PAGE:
Mathematical Geology

, Volume 28, Issue 6, pp 783–789 | Cite as

Estimating the size of the source population from a matched sample of parts

  • Andrew R. Solow
Article
  • 28 Downloads

Abstract

This paper discusses the problem of estimating the size of a source population from a sample of matched, disaritculated body parts. Maximum likelihood estimation and the construction of a confidence interval are described. This problem is connected to the ecological problem of estimating the number of spectes in a sampled community.

Key words

disarticulation maximum likelihood estimation taphonomy 

Preview

Unable to display preview. Download preview PDF.

Unable to display preview. Download preview PDF.

References

  1. Allison, P. A., and Briggs, D. E. G., 1991, Taphonomy: releasing the data locked in the fossil record: Plenum Press, New York, 560 p.Google Scholar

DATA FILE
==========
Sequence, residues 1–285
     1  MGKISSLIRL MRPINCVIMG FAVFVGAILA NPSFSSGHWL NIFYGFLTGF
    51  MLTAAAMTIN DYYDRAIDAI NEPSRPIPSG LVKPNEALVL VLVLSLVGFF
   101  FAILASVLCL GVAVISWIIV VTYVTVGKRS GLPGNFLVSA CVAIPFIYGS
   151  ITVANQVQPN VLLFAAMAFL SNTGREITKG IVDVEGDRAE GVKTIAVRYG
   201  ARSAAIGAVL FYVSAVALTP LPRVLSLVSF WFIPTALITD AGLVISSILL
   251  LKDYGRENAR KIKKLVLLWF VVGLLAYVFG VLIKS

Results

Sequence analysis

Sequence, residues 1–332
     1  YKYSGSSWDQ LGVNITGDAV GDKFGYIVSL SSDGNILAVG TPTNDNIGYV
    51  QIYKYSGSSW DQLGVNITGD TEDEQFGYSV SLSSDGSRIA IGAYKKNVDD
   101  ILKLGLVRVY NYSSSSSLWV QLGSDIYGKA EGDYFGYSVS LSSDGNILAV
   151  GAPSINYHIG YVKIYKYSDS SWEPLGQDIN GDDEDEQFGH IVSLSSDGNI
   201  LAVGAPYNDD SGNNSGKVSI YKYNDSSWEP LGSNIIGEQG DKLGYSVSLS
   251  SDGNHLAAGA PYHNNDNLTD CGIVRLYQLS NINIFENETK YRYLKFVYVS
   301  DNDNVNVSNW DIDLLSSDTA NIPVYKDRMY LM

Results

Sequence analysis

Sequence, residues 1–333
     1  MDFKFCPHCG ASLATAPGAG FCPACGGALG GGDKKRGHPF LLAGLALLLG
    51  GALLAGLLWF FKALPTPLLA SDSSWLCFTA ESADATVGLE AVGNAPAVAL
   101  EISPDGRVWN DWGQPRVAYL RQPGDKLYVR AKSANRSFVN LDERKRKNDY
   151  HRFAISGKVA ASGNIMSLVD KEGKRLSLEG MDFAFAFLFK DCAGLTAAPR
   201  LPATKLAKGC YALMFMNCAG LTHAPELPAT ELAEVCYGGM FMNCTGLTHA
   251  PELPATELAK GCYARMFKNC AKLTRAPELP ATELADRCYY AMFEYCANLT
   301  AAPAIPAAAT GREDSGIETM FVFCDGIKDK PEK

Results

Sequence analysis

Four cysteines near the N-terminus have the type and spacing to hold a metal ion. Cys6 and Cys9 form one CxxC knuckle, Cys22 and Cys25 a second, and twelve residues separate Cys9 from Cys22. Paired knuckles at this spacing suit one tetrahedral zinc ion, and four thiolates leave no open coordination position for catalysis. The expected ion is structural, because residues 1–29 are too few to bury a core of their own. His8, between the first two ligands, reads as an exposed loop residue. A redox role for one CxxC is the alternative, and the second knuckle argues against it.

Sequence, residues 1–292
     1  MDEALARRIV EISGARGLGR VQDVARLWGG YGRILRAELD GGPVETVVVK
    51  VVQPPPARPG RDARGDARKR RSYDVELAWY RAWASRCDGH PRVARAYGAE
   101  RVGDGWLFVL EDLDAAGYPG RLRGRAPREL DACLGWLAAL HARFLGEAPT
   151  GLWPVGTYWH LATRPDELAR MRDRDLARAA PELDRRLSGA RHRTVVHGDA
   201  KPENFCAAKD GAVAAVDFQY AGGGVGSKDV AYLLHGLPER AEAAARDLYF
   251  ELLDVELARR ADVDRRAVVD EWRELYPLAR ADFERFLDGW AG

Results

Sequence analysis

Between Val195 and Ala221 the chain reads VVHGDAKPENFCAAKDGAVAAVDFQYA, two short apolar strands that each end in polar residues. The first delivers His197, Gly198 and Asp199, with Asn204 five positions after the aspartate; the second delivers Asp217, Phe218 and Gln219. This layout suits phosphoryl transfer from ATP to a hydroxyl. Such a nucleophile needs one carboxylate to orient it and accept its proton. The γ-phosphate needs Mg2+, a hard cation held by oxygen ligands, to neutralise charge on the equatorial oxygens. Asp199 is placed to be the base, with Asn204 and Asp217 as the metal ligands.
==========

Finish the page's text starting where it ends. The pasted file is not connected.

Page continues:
2. Gilinsky, N. L., and Bennington, J. B., 1994, Estimating numbers of whole individuals from collections of body parts: a taphonomic limitation of the paleontological record: Paleobiology, v. 20, no. 2, p. 245–258.Google Scholar
  3. Heck, K. L., van Belle, G., and Simberloff, D. S., 1975, Explicit calculation of the rarefaction diversity measurement and the determination of sufficient sample size: Ecology, v. 56, no. 6, p. 1459–1461.Google Scholar
  4. Silvey, S. D., 1975, Statistical inference: Chapman and Hall, London, 191 p.Google Scholar
  5. Solow, A. R., 1994, On the Bayesian estimation of the number of species in a community: Ecology, v. 75, no. 7, p. 2137–2142.Google Scholar
  6. Walton, G. S., 1986, The number of observed classes from a multiple hypergeometric distribution: Jour. Am. Stat. Assoc., v. 81, no. 393, p. 169–171.Google Scholar

Copyright information

© International Association for Mathematical Geology 1996

Authors and Affiliations

  • Andrew R. Solow
    • 1
  1. 1.Woods Hole Oceanographic InstitutionWoods Hole

Personalised recommendations